The NCF4 gene provides instructions for making a protein called neutrophil cytosolic factor 4 (also known as p40-phox). This protein is one part (subunit) of a group of proteins that forms an enzyme complex called NADPH oxidase, which plays an essential role in the immune system. Specifically, NADPH oxidase is primarily active in immune system cells called phagocytes. These cells catch and destroy foreign invaders such as bacteria and fungi. NADPH oxidase is also thought to regulate the activity of immune cells called neutrophils. These cells play a role in adjusting the inflammatory response to optimize healing and reduce injury to the body.
The presence of foreign invaders stimulates phagocytes and triggers the assembly of NADPH oxidase. This enzyme participates in a chemical reaction that converts oxygen to a toxic molecule called superoxide. Superoxide is used to generate several other compounds, including hydrogen peroxide (a strong disinfectant) and hypochlorous acid (the active ingredient in bleach). These highly reactive, toxic substances are known as reactive oxygen species. Phagocytes use these substances to kill foreign invaders, preventing them from reproducing in the body and causing illness.
Health Conditions Related to Genetic Changes
Chronic granulomatous disease
At least two mutations in the NCF4 gene have been found to cause chronic granulomatous disease. People with this disorder are at increased risk of developing recurrent episodes of infection and inflammation due to a weakened immune system. Mutations in the NCF4 gene are a rare cause of this condition. These mutations result in a decrease in functional NADPH oxidase. A shortage (deficiency) of this protein impairs the assembly or function of NADPH oxidase. As a result, phagocytes are unable to produce reactive oxygen species to kill foreign invaders, and neutrophil activity is not regulated. A lack of NADPH oxidase leaves affected individuals vulnerable to many types of infection and excessive inflammation.More About This Health Condition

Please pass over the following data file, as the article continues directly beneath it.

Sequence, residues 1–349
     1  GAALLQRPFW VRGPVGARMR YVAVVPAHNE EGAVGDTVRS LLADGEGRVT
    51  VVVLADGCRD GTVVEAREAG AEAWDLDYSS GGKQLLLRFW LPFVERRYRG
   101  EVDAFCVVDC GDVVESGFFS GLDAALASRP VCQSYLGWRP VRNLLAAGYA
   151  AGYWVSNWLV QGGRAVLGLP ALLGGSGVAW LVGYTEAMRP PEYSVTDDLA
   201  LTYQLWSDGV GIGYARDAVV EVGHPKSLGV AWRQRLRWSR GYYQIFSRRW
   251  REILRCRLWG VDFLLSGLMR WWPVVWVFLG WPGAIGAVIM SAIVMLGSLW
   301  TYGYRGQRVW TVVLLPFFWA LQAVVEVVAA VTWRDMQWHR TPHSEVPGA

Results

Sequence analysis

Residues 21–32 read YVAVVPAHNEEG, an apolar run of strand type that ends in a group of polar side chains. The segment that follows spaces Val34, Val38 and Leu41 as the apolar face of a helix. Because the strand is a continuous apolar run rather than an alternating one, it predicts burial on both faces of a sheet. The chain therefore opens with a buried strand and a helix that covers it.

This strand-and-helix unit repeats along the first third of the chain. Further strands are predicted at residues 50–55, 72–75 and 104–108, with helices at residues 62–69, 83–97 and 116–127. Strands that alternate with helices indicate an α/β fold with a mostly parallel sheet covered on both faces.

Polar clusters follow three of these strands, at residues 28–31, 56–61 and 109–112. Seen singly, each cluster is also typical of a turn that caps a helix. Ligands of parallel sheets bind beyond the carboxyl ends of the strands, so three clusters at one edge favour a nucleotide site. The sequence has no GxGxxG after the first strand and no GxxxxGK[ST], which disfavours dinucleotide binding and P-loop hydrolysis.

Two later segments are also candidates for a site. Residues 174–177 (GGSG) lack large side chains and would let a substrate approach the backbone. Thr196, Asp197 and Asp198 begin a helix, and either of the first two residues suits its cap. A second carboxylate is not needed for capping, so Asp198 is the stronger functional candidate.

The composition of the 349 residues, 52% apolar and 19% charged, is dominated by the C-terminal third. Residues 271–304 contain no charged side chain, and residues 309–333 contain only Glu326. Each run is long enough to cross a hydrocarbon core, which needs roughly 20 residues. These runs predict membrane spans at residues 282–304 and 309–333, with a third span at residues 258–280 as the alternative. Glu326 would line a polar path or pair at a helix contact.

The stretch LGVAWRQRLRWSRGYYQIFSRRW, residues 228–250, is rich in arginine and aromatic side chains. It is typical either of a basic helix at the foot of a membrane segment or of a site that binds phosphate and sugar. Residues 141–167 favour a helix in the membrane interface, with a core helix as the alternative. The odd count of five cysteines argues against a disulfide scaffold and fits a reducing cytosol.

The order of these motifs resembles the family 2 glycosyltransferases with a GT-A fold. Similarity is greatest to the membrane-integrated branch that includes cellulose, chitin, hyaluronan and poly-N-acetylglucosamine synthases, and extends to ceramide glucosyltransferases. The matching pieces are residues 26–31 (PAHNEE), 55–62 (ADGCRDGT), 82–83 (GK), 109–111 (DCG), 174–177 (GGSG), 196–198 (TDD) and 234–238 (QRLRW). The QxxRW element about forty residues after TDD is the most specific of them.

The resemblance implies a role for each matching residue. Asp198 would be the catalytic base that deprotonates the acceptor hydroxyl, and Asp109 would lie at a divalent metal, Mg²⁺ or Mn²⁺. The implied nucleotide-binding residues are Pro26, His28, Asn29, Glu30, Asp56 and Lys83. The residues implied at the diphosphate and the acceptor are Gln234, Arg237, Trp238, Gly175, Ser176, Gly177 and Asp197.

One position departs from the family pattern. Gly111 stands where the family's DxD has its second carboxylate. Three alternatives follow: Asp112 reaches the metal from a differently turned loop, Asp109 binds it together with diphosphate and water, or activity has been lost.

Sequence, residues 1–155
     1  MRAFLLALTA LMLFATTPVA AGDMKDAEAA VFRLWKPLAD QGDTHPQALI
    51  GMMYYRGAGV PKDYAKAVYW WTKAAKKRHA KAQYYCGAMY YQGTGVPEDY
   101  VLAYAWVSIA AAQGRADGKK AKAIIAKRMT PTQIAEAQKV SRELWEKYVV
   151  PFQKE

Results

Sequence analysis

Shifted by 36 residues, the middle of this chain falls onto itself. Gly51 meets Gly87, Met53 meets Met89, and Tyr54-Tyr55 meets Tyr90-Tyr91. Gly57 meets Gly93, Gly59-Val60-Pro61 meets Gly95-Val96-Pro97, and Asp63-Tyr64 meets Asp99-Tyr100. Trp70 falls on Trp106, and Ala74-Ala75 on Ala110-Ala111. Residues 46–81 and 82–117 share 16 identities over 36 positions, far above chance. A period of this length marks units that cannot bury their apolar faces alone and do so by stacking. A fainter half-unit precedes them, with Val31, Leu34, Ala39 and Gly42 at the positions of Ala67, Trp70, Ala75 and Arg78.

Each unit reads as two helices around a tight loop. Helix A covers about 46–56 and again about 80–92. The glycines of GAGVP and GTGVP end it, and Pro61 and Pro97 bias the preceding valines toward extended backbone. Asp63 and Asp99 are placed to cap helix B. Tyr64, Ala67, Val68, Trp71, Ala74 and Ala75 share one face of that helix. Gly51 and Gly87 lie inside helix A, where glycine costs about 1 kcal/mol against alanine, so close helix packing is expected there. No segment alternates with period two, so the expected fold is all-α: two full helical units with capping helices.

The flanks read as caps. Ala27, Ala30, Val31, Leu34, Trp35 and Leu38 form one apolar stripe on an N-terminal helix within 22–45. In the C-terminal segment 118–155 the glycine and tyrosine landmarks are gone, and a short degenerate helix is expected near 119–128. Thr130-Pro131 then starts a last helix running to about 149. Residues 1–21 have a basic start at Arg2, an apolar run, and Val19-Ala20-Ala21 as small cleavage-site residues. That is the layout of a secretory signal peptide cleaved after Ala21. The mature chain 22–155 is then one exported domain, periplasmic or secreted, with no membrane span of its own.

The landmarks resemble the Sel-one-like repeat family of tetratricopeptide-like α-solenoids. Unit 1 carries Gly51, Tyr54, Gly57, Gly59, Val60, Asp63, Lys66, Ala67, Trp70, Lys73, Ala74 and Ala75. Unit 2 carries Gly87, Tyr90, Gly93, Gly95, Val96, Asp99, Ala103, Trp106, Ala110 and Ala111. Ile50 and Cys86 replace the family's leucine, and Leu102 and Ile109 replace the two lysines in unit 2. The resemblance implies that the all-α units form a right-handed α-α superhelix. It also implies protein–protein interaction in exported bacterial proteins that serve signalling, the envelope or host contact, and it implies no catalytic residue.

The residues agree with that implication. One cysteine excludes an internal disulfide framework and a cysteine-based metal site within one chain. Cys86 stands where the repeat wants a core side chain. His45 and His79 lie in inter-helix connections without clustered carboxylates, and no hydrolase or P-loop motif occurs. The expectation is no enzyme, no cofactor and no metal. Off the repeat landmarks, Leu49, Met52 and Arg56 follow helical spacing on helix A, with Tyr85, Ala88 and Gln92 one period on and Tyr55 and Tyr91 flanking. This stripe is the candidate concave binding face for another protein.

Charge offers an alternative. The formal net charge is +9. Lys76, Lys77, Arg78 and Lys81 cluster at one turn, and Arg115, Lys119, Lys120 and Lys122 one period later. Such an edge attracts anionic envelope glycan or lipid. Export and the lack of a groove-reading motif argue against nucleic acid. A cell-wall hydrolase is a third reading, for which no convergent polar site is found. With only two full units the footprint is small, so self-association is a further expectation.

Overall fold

Other Names for This Gene
- neutrophil cytosol factor 4
- neutrophil cytosolic factor 4, 40kDa
- neutrophil NADPH oxidase factor 4
Additional Information & Resources
Tests Listed in the Genetic Testing Registry
Scientific Articles on PubMed
Catalog of Genes and Diseases from OMIM
- Matute JD, Arias AA, Wright NA, Wrobel I, Waterhouse CC, Li XJ, Marchal CC, Stull ND, Lewis DB, Steele M, Kellner JD, Yu W, Meroueh SO, Nauseef WM, Dinauer MC. A new genetic subgroup of chronic granulomatous disease with autosomal recessive mutations in p40 phox and selective defects in neutrophil NADPH oxidase activity. Blood. 2009 Oct 8;114(15):3309-15. doi: 10.1182/blood-2009-07-231498. Epub 2009 Aug 19. Citation on PubMed or Free article on PubMed Central
- Roos D, Kuhns DB, Maddalena A, Bustamante J, Kannengiesser C, de Boer M, van Leeuwen K, Köker MY, Wolach B, Roesler J, Malech HL, Holland SM, Gallin JI, Stasia MJ. Hematologically important mutations: the autosomal recessive forms of chronic granulomatous disease (second update). Blood Cells Mol Dis. 2010 Apr 15;44(4):291-9. doi: 10.1016/j.bcmd.2010.01.009. Epub 2010 Feb 18. Review. Citation on PubMed or Free article on PubMed Central
- Sumimoto H. Structure, regulation and evolution of Nox-family NADPH oxidases that produce reactive oxygen species. FEBS J. 2008 Jul;275(13):3249-77. doi: 10.1111/j.1742-4658.2008.06488.x. Epub 2008 May 30. Review. Erratum in: FEBS J. 2008 Aug;275(15):3984. Citation on PubMed